If you are planning on filing for bankruptcy protection in the State of Georgia, or anywhere else in the United States, you are required to include all property that you own in any place in the world. This includes overseas assets such as real estate, personal property, bank accounts, and investments. You also must include any property that you may own jointly with others. For example if your grandparents left you and your two siblings property in France, you must include your 1/3 interest in the overseas asset in your filing. Keep in mind that your bankruptcy filing will not affect your siblings ownership interest.
Many individuals fail to list their overseas assets for several reasons. One reason people fail to list their overseas assets is because if their overseas assets have a high value; they may no longer qualify for a chapter 7 bankruptcy filing. Additionally if they have filed a chapter 13 repayment plan. An overseas asset could increase the chapter 13 plan repayment due its value. Another common reason individuals fail to list overseas assets is because they do not think they have to list the overseas assets or the overseas assets have nominal value. Although you may consider these valid reasons for failing to list an overseas asset in a chapter 7 or chapter 13 filing; they are not. If you fail to list your overseas assets you could be held in contempt of court, your bankruptcy case could be dismissed, or you may face other penalties and fines.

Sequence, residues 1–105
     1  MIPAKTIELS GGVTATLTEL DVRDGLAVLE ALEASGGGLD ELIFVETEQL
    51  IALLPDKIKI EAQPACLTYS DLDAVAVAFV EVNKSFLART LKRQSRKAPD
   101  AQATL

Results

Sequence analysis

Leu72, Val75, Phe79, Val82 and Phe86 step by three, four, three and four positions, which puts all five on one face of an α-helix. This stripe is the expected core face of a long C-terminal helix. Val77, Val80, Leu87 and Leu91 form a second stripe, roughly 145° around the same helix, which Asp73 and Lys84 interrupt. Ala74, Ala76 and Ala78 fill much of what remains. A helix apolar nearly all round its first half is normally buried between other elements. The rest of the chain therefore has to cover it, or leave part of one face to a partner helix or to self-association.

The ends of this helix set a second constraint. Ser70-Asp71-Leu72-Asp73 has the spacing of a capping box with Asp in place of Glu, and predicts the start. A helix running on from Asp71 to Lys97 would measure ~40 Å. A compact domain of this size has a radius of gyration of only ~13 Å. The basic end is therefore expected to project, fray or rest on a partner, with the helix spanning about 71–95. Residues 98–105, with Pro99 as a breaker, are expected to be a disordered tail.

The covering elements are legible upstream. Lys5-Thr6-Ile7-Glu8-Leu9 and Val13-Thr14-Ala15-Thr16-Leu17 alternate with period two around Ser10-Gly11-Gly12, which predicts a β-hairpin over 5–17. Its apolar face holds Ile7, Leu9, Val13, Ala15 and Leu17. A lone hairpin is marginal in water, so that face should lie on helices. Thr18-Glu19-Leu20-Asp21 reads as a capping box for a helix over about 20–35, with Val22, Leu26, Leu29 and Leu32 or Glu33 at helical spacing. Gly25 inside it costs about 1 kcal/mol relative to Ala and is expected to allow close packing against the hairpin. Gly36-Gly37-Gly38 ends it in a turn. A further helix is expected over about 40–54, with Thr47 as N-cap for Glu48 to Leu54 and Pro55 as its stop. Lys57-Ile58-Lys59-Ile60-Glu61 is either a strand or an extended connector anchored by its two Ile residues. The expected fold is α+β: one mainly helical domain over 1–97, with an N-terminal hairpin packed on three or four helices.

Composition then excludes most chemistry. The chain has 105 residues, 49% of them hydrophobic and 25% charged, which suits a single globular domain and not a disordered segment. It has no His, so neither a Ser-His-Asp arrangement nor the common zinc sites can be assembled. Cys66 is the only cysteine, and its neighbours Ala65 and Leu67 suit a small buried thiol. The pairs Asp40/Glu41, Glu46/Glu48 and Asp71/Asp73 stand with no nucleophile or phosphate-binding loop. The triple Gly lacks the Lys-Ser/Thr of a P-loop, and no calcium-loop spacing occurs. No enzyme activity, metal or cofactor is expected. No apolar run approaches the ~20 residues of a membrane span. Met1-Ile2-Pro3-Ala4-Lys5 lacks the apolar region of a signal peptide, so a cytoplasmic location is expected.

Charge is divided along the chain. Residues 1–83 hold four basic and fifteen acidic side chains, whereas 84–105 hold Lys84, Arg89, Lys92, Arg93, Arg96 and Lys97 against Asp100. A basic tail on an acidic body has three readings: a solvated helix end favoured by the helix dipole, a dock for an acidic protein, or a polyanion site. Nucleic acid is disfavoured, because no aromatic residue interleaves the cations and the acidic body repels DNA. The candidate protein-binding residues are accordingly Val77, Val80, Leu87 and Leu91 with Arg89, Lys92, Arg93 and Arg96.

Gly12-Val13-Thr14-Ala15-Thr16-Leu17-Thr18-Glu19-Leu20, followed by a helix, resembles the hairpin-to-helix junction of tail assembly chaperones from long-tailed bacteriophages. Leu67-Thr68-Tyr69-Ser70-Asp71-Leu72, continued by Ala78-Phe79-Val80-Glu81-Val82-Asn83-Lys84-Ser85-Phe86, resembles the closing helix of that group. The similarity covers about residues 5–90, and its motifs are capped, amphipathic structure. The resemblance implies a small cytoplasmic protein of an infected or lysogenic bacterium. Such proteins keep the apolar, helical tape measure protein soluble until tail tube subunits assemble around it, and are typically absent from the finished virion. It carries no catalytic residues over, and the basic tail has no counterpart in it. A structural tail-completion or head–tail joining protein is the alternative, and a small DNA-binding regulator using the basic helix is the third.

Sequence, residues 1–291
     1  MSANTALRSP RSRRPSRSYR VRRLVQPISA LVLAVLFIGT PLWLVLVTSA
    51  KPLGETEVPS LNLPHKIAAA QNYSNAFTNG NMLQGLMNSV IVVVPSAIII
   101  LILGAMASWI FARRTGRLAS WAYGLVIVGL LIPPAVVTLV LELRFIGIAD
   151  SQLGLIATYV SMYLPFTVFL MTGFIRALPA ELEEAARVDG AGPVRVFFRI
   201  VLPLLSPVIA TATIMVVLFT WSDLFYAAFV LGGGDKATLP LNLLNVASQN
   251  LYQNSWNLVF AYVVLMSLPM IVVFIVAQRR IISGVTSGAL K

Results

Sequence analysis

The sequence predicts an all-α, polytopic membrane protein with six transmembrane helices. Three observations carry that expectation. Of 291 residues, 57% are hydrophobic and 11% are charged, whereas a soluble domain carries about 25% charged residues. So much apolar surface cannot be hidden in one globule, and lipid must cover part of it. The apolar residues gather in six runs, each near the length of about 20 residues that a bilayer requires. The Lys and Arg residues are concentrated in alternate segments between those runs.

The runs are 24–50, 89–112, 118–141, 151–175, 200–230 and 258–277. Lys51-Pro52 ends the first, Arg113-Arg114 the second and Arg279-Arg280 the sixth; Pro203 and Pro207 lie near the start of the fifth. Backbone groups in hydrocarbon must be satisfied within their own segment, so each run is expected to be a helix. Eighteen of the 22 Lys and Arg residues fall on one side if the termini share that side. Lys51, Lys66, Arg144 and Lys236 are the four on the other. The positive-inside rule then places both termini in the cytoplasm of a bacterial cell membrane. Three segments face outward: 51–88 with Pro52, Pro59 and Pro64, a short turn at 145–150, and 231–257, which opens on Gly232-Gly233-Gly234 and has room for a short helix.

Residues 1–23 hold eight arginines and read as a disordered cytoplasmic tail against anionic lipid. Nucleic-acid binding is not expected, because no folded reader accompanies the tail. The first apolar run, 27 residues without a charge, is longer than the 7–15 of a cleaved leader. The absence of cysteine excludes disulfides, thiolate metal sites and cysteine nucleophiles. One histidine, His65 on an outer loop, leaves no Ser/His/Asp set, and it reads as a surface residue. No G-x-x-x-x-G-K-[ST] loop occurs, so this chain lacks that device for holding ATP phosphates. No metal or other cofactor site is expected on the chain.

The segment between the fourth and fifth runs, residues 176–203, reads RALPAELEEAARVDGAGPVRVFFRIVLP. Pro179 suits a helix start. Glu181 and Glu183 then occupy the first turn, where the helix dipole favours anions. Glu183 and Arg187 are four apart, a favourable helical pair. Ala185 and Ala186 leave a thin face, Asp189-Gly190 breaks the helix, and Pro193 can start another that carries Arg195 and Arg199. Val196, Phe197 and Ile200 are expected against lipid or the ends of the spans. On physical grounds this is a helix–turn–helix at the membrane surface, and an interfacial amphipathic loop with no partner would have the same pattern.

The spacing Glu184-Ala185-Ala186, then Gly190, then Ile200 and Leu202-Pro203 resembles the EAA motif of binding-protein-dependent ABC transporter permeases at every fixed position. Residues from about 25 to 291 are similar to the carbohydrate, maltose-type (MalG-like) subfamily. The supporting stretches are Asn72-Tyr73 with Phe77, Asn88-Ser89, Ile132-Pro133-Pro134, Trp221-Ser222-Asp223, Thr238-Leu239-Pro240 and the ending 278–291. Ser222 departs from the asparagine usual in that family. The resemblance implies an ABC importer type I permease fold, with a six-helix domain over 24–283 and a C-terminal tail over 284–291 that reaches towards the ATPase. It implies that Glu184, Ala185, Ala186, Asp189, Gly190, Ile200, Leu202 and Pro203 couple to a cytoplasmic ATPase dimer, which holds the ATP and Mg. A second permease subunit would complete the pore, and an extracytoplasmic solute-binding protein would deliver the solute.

It is critical that you list your overseas assets. Remember your overseas assets may be exempt from liquidation or repayment depending on their value. In cases where your overseas are not exempt, a chapter 13 bankruptcy filing could be an option. Chapter 13 allows a debtor to keep property and pay debts over time, usually three to five years. Whereas in a chapter 7 bankruptcy the debtor does not repay any unsecured debts which are discharged through the filing.
Though it can be more desirable to exclude overseas assets in your filing in order to be eligible for a Chapter 7 or Chapter 13 bankruptcy filing, it can lead to several legal consequences. Failing to include all assets in a bankruptcy petition can lead to criminal prosecution, loss of your discharge, loss of your right to claim any exemption, and loss of property.
When discussing assets with your lawyer, make sure to disclose of all information about your overseas assets to avoid suffering any major consequences and fines. There are several legal options to consider when dealing with overseas assets. Don’t risk filing your petition alone in an attempt to save money. You face a high risk of having your petition rejected if you are unsure how to navigate the Bankruptcy Code. We have affordable bankruptcy filing options and offer FREE and CONFIDENTIAL consultations for both Ch. 7 & Ch. 13 Bankruptcies. Call Us Now (404) 620-3337.